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Two conserved residues govern the salt and pH dependencies of the binding reaction of a PDZ domain
Uppsala University, Disciplinary Domain of Medicine and Pharmacy, Faculty of Medicine, Department of Medical Biochemistry and Microbiology.
Uppsala University, Disciplinary Domain of Medicine and Pharmacy, Faculty of Medicine, Department of Medical Biochemistry and Microbiology.
Uppsala University, Disciplinary Domain of Medicine and Pharmacy, Faculty of Medicine, Department of Medical Biochemistry and Microbiology.
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2006 (English)In: Journal of Biological Chemistry, ISSN 0021-9258, E-ISSN 1083-351X, Vol. 281, no 48, 36811-36818 p.Article in journal (Refereed) Published
Abstract [en]

PDZ domains are protein-protein interaction modules found in hundreds of human proteins. Their binding reactions are sensitive to variations in salt and pH but the basis of the respective dependence has not been clear. We investigated the binding reaction between PSD-95 PDZ3 and a peptide corresponding to a native ligand with protein engineering in conjunction with stopped-flow and equilibrium fluorimetry and found that the two conserved residues Arg-318 and His-372 were responsible for the salt and pH dependencies, respectively. The basis of the salt-dependent variation of the affinity was explored by mutating all charged residues in and around the peptide-binding pocket. Arg-318 was found to be crucial, as mutation to alanine obliterated the effect of chloride on the binding constants. The direct interaction of chloride with Arg-318 was demonstrated by time-resolved urea denaturation experiments, where the Arg-318 --> Ala mutant was less stabilized by addition of chloride as compared with wild-type PDZ3. We also demonstrated that protonation of His-372 was responsible for the increase of the equilibrium dissociation constant at low pH. Both chloride concentration and pH (during ischemia) vary in the postsynaptic density, where PSD-95 is present, and the physiological buffer conditions may thus modulate the interaction between PSD-95 and its ligands through binding of chloride and protons to the "molecular switches" Arg-318 and His-372, respectively.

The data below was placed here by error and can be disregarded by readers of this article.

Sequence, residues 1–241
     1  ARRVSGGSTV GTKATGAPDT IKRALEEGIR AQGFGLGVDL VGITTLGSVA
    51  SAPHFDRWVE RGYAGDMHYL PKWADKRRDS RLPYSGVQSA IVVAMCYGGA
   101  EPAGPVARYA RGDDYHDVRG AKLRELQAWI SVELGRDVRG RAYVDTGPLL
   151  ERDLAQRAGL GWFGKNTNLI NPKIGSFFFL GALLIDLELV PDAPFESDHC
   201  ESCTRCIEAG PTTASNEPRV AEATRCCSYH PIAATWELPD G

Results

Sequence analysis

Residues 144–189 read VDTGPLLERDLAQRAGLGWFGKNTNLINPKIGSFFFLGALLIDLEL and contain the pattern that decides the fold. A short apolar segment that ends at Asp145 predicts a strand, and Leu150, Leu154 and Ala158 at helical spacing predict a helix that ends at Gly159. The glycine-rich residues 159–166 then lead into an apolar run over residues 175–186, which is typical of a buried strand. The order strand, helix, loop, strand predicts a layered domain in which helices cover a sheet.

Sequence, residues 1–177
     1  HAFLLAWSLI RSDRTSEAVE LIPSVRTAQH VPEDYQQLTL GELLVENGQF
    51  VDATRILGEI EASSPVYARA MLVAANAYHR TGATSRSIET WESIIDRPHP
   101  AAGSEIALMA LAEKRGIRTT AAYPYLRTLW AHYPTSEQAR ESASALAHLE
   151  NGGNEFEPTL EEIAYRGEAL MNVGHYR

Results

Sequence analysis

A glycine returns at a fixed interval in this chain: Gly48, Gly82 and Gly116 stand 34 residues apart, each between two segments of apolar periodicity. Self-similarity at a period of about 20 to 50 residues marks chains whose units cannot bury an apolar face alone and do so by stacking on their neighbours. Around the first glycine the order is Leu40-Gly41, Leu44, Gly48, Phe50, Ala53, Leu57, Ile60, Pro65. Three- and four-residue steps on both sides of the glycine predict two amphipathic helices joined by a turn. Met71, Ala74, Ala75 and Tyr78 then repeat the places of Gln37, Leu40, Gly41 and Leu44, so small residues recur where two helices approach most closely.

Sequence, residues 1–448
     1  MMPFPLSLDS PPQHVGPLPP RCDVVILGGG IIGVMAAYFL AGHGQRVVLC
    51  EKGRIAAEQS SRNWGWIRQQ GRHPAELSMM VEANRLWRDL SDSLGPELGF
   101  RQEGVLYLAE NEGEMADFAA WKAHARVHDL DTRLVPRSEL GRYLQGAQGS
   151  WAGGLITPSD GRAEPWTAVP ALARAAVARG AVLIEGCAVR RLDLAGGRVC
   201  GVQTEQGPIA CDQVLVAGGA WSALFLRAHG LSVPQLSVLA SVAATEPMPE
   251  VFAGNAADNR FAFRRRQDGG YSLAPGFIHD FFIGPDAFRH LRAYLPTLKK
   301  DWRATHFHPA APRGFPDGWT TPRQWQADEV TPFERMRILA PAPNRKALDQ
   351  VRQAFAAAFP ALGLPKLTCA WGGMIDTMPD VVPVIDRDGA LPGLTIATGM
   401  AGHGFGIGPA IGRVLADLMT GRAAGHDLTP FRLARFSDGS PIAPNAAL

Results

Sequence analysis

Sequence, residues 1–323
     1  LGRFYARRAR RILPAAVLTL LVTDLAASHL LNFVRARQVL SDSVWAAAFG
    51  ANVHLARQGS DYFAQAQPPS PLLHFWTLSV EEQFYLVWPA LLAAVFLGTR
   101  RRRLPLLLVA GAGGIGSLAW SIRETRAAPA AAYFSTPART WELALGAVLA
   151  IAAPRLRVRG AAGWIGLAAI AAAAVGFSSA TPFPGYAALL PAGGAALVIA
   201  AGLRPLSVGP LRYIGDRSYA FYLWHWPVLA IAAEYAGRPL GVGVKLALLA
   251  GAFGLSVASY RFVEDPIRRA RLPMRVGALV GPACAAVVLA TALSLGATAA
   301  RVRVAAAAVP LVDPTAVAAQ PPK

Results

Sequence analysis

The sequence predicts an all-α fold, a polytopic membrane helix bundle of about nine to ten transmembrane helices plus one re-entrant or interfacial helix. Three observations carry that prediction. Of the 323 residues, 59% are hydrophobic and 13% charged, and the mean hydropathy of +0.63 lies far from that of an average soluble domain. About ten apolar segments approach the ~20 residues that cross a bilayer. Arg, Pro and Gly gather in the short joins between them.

Place, publisher, year, edition, pages
2006. Vol. 281, no 48, 36811-36818 p.
National Category
Medical and Health Sciences
URN: urn:nbn:se:uu:diva-22437DOI: 10.1074/jbc.M607883200ISI: 000242220800039PubMedID: 17018532OAI: oai:DiVA.org:uu-22437DiVA: diva2:50210
Available from: 2007-01-17 Created: 2007-01-17 Last updated: 2016-09-14Bibliographically approved
In thesis
1. Post-synaptic Density Disc Large Zo-1 (PDZ) Domains: From Folding and Binding to Drug Targeting
Open this publication in new window or tab >>Post-synaptic Density Disc Large Zo-1 (PDZ) Domains: From Folding and Binding to Drug Targeting
2010 (English)Doctoral thesis, comprehensive summary (Other academic)
Abstract [en]

Understanding how proteins fold and bind is interesting since these processes are central to most biological activity. Protein folding and protein-protein interaction are by themselves very complex but using a good and robust system to study them could ease some of the hurdles.